There is no room for doubt that violence against women is a worldwide phenomenon that is not exclusive to any specific culture or race. The phenomenon merely manifests itself in varying shapes and degrees in different parts of the world and strikes different nerves in the respective societies. In Egypt, perhaps one of the most glaring indicators of the growth of this phenomenon is sexual violence and the politics of “shaming” Egyptian women. In the aftermath of the January 25th revolution and the ongoing struggle for freedom in Egypt, the question of state sponsored sexual violence and capitalization on the discourse of “shaming” has become a critically important topic of discussion.
Although sexual violence predates the revolution, Egypt has been making headlines for the past two years for mob street harassment. As security in the country began to wane, such incidents have rocketed for many reasons. In part, this exists in order to deter Egyptian women from taking to the streets in protest.
In a country where women’s “chastity” is held at high regard, such gross violations of a woman’s physical space have been successful in shaming Egyptian women – they have successfully struck a nerve. Blame is always cast on a woman’s “tight” clothes, her flirty body language and sometimes even on her “seductive looks.” In another life, these arguments would be too ludicrous to be taken seriously but they comprise a social and political tool of coercion.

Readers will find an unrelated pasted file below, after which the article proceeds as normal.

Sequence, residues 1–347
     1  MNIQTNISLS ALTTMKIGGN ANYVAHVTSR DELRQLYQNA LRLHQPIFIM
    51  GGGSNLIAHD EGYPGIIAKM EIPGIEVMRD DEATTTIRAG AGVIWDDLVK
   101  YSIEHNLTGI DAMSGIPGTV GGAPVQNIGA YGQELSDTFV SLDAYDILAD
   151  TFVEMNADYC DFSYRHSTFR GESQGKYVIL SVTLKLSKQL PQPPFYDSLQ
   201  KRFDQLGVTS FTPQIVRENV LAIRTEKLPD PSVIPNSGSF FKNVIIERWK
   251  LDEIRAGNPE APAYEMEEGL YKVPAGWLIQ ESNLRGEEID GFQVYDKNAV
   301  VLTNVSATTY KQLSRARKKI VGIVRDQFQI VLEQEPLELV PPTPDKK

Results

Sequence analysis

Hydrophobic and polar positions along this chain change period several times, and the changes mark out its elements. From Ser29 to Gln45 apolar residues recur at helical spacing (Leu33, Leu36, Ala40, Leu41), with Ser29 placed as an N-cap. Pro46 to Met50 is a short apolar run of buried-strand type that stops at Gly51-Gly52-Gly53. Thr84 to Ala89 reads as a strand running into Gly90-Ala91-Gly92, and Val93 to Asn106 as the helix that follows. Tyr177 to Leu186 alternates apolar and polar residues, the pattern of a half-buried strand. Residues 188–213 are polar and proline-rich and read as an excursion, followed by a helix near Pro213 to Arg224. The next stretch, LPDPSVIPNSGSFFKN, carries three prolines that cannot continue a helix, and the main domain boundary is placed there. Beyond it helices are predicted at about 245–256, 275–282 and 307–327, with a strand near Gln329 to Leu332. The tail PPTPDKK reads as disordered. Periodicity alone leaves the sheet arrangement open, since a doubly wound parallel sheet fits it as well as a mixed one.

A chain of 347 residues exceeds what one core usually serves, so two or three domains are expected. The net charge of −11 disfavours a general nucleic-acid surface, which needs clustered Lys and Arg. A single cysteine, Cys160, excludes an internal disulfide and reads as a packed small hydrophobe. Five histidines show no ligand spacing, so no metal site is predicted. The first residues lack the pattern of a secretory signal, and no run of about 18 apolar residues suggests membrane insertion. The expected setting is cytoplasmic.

Again, this is not new, but has recently magnified in size and frequency. What has become glaringly “new” as far as shaming and sexual violence is concerned is the role of the state in capitalizing on such discourse.
In November of 2011, as female activists were targeted by many sexual offenders, Egyptians witnessed an unforgettable scene in which three army soldiers stripped naked, and violently assaulted a female protester. As protests against military rule rapidly increased, stripping female protestors became a widespread trend.
The strategy was deliberate and successful in fuelling accusations of immorality against victims of such violence. The victim in question was criticized for failing to wear “enough” layers of clothing and an avalanche of theories about “immorality” of Egyptian female protestors ensued.
So where does the process of “shaming” and immortalizing women come from? The most commonly made argument is religion, but such an argument is also furthest from the truth. Islam calls for modest dress, but there is no evidence in the Quran or Hadith granting men the right to judge a woman’s conformity to this principle, let alone the right to sexually assault her! Indeed, assuming that a man comes across a woman deemed as sexually provocative, the following Quranic verse provides clear instructions that provide no excuse neither for sexual assault or shaming the woman in question:
“Tell the believing men to lower their gaze (from looking at forbidden things), and protect their private parts (from illegal sexual acts). That is purer for them. Verily, Allah is All-Aware of what they do” [al-Noor 24:30]